Author Archives: Diane Kingston

Diane Kingston

About Diane Kingston

Diane Kingston is the Deputy Director of CBM International Advocacy and Alliances (IAA), working with Lars Bosselmann. She also served as the UK's elected member of the UN Committee on the Rights of Persons with Disabilities for four years. Read her Wiki page:

Four years and 41 countries later…what it all meant for CBM

Today the Expert Committee on the Convention on the Rights of Persons with Disabilities (CRPD Committee) meets for its 17th session.  After working as the UK’s elected member of the Expert Committee of the CRPD for the last four years, what has it all meant for CBM? This summary may give you a flavour of some of the achievements:

  1. The CRPD is a human rights treaty that underpins CBM’s work and our mission statement to contribute to an inclusive world where persons with disabilities enjoy their human rights and achieve their full potential. The Committee is the monitoring and evaluation tool of the CRPD, so having a staff member on the Committee gave CBM the inside track and a global overview of issues, policies and practical implementation of disability rights in a number of countries we work in such as: Bolivia, Brazil, Colombia, Ecuador, Ethiopia, Guatemala, Kenya, Paraguay, Thailand and Uganda.  These countries now have concrete recommendations for the government to implement over the forthcoming years.  This means CBM and its partners can hold governments to account to meet their obligations in areas CBM specialises in such as: disability-inclusive development, especially at a community level, mental and physical health, education, livelihoods and emergency response to name a few.  CBM can also demonstrate to governments as duty bearers the important links between human rights and the Sustainable Development Goals in realising Agenda 2030.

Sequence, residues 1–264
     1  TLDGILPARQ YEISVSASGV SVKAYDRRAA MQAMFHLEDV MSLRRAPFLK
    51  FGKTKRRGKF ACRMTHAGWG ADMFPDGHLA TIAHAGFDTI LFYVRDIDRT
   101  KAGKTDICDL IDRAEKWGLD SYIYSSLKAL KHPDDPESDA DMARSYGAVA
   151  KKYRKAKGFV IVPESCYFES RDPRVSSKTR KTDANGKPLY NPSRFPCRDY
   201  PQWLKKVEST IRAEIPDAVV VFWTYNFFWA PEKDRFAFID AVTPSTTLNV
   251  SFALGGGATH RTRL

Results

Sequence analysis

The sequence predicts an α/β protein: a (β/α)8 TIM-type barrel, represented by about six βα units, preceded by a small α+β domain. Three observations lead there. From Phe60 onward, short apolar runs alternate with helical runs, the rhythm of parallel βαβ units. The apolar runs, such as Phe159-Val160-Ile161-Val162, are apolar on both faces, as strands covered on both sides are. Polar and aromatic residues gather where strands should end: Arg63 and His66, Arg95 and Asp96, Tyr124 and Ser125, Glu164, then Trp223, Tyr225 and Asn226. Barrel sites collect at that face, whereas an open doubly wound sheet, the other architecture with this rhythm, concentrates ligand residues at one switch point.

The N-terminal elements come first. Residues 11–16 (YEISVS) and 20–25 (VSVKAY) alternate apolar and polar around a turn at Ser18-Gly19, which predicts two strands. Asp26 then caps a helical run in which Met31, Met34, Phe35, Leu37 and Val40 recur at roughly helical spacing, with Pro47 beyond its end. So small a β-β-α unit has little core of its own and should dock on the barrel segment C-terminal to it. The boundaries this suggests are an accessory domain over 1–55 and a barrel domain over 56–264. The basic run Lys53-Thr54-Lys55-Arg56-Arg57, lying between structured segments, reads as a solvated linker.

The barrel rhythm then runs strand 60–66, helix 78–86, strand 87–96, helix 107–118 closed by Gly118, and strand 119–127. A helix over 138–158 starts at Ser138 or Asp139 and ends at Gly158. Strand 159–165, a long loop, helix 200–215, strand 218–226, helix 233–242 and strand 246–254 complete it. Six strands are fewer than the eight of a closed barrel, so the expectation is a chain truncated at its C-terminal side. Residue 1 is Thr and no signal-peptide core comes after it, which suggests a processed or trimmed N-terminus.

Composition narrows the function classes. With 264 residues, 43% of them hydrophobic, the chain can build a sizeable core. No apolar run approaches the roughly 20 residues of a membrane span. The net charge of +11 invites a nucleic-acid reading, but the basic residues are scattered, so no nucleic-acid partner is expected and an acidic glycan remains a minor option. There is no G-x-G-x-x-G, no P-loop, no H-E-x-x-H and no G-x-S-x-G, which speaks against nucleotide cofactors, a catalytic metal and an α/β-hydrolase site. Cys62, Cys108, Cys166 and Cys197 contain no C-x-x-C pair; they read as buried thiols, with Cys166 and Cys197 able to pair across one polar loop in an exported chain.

2. CBM supported the work of the Committee by showcasing our partners and their valuable work and ensuring the voices of persons with disabilities from the global South were heard. This has strengthened their capacity to claim their rights and entitlements.  Read more here

    Nassozi Kiyaga from Deaf Link Uganda participates in 15th session of CRPD Committee

    Nassozi Kiyaga from Deaf Link Uganda participates in 15th session of CRPD Committee

  3. Our Member Associations  contributed to the Committee’s work, and these countries now have very strong recommendations on international cooperation and humanitarian action, linked to the Sustainable Development Goals and Agenda 2030 – see Germany, Italy and Australia. These governments must honour their commitments to ensure disability is at the heart of their development cooperation.  CBM is considered a serious player in disability-inclusive development, disaster risk reduction and emergency response, and through working on the Committee I was able to provide expert opinion to guide recommendations on articles 11 and 32 (international cooperation and situations of risk and humanitarian emergencies).
  4. CBM had immediate access to the Committee which consolidated its role in building the capacity of both mainstream NGOs and members of the International Disability and Development Consortium to engage in the work of the Committee.
  5. CBM had the kudos and credibility of having a staff member as one of 18 world-recognised Experts on disability, which reflected very positively on the profile of the whole organisation.
  6. CBM were able to open doors that were previously closed with a range of stakeholders including governments. CBM was mentioned by many UN agencies and bodies during the opening of the Committee’s sessions, demonstrating CBM’s leadership especially in relation to the links between human rights and the Sustainable Development Goals.